Water
Experts, however, note that the plan is not sustainable and the government has not yet conducted public consultation sessions.

Phase 1 of the Karnataka government’s ambitious Jaladhare project, aimed at providing piped water supply to every household in the state, is all set to begin this year.

Rural Development and Panchayat Raj Minister Krishna Byre Gowda on Friday said that the state government is expected to release Rs 1,300 crore for the first phase, which will see drinking water pipelines installed from reservoirs in Mandya, Raichur, Bijapur and Kolar districts.

According to Chief Engineer of the Rural Water Supply Department Prasad, who is in charge of the project, the detailed project report (DPR) for the project for only Mandya has already been prepared.

“The DPR is awaiting cabinet approval. The project aims at extracting drinking water from KRS and Kabini dams to each and every household in Mandya via pipeline. Just like Bengaluru, which gets Cauvery water, all districts in the state will get drinking water in taps in their home. The water will be drawn from local reservoirs,” Prasad said.

The ambitious project is estimated to cost Rs 53,000 crore and made its appearance in Chief Minister Kumaraswamy’s maiden budget of 2018-19. The project involves construction of pipelines and purification mechanisms so clean drinking water is supplied to every household.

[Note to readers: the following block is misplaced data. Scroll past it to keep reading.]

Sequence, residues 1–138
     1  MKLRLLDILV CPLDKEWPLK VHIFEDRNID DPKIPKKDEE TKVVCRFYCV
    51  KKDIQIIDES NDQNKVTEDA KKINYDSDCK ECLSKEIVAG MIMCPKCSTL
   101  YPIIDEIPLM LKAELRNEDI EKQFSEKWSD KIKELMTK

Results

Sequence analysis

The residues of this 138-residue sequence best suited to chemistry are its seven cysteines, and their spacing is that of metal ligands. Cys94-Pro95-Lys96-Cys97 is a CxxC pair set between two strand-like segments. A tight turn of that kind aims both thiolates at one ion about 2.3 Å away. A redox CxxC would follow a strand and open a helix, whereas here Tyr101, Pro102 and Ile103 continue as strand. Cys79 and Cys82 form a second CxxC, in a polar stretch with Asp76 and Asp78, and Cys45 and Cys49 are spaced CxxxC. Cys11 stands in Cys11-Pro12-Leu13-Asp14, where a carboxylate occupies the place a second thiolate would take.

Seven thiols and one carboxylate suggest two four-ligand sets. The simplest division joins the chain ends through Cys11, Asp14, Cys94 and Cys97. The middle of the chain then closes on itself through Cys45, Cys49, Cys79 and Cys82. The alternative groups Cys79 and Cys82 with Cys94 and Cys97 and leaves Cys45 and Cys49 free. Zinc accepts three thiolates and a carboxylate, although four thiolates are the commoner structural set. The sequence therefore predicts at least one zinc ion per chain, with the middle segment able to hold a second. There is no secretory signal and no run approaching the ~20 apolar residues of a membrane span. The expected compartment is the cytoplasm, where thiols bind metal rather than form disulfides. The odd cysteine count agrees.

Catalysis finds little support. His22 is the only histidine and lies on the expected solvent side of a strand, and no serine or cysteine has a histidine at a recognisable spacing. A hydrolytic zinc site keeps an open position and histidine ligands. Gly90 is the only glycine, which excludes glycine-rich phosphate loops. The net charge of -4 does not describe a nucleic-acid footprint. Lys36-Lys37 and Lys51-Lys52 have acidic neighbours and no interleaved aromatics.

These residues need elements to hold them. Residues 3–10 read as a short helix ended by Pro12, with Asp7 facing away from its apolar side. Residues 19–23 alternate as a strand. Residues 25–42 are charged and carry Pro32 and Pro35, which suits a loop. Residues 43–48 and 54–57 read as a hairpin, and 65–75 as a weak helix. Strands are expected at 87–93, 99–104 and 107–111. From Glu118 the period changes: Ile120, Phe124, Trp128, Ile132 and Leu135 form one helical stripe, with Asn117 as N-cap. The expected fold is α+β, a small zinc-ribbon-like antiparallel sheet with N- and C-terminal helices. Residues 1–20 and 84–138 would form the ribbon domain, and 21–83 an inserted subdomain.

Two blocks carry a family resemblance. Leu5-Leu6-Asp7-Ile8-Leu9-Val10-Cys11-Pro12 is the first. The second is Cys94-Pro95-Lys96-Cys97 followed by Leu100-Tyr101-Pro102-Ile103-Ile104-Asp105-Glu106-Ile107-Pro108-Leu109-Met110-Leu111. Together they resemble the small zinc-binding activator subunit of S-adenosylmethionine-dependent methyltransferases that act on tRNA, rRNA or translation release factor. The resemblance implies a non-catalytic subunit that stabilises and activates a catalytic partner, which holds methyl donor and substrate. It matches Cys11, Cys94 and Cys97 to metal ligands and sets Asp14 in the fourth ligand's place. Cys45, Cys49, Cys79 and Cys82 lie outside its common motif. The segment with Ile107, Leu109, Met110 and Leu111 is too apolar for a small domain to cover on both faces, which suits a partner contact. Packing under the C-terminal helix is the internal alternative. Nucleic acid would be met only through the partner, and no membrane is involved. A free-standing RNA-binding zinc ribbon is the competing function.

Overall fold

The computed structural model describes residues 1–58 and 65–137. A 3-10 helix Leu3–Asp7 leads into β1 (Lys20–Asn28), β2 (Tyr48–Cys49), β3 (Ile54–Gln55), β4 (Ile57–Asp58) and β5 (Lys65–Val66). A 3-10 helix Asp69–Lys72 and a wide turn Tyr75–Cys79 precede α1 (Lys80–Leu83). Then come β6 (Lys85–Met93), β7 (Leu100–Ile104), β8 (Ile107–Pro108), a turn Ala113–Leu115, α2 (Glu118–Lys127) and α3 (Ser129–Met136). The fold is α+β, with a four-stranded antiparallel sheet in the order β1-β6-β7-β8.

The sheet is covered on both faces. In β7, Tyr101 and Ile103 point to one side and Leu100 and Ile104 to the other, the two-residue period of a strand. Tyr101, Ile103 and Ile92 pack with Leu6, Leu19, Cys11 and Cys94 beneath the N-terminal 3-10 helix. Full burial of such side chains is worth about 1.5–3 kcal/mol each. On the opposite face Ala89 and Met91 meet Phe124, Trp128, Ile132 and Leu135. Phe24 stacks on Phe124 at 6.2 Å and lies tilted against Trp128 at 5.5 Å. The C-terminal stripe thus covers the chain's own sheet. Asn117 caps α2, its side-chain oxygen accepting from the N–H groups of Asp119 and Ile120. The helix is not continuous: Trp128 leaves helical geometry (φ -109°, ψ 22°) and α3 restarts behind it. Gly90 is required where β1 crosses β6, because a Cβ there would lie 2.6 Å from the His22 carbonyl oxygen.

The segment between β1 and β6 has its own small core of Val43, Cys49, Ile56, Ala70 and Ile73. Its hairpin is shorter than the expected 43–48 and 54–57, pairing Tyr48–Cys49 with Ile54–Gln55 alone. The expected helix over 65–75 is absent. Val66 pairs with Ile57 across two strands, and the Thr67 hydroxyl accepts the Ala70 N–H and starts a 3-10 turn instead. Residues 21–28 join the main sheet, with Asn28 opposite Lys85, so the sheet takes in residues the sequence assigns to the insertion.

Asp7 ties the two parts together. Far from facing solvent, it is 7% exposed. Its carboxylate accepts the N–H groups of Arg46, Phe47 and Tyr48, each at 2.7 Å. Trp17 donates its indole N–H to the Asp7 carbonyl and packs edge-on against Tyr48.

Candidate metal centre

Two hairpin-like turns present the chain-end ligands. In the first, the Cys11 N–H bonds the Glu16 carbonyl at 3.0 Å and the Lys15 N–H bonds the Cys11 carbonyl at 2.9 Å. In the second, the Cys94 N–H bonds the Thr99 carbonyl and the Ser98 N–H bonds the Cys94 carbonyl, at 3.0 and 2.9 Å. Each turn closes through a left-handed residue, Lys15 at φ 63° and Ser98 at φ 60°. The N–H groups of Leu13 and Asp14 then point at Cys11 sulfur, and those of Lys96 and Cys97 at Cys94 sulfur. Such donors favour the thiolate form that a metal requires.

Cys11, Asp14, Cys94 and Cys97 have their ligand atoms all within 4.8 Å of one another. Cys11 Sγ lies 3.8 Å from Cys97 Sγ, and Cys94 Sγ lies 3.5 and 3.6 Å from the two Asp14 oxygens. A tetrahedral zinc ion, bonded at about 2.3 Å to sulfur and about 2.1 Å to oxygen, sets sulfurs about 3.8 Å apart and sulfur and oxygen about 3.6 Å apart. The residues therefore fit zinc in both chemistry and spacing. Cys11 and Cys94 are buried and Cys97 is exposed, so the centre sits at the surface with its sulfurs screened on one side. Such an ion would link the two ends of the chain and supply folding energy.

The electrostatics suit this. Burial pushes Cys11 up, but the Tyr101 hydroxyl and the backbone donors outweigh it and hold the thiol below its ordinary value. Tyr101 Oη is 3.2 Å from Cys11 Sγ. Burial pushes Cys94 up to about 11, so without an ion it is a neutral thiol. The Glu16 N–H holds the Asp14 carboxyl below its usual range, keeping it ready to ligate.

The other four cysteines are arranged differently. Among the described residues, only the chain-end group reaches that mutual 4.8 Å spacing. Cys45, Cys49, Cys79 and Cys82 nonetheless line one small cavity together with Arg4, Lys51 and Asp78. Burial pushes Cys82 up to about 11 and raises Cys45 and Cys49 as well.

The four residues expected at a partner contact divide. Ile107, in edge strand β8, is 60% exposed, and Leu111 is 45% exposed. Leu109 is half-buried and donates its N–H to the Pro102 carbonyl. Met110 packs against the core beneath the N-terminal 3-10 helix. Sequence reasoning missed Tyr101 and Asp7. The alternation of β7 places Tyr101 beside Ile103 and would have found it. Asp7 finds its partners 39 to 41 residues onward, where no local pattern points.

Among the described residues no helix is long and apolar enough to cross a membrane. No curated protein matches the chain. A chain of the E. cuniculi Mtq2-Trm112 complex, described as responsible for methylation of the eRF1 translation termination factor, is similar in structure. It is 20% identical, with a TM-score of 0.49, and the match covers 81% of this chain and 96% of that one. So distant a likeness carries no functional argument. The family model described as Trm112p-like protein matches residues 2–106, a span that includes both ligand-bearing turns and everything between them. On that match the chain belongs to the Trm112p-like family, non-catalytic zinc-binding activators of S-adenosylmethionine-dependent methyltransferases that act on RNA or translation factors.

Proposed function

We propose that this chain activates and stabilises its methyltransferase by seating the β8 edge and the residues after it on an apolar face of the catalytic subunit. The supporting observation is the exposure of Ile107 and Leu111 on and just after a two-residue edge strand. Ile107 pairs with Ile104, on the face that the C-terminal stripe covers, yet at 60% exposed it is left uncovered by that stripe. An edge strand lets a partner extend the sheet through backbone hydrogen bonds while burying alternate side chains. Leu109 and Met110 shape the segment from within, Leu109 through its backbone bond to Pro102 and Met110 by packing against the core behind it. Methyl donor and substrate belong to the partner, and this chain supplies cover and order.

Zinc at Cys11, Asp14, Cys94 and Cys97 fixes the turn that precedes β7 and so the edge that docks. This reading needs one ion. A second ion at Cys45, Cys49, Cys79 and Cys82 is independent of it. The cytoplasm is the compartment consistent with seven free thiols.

“Based on the feasibility study that was conducted, by 2050, the population of Karnataka will require only 10% of the live storage of water in all reservoirs in the state for drinking water purpose. This is close to 70 TMC. This is not a lot and the project will provide water security to everyone in the state,” Prasad added.

However, environmental activist Leo Saldanah says that the piped water project is not going to solve the water security issue looming over Karnataka. “Big infrastructure projects such as Jaladhare will require laying down of pipelines. There is barely any water in these reservoirs and the pipes are going to be clogged with muck rather than have full fledged water moving through it. The project will require regular maintenance, which means investing more money and more money to pump water which means more thermal power needed to generate electricity. This is a carbon-inclusive approach, which is not sustainable in the long run,” Leo says.

Leo also notes that the government not yet conducted public consultation sessions for the project. 

He maintains that the government must concentrate on solutions that require minimum investment but reap maximum benefits. He suggests ensuring that every household has a rainwater harvesting system to maintain groundwater levels.  

“Not a single drop of rainwater must be wasted. In rural areas, especially, ensuring that all open wells are desilted will ensure that rain water is collected. Every home must be rain water proofed so that every drop is collected and reused. This is not going to cost the government thousands of crores of rupees. It is economical and sustainable,” Leo added.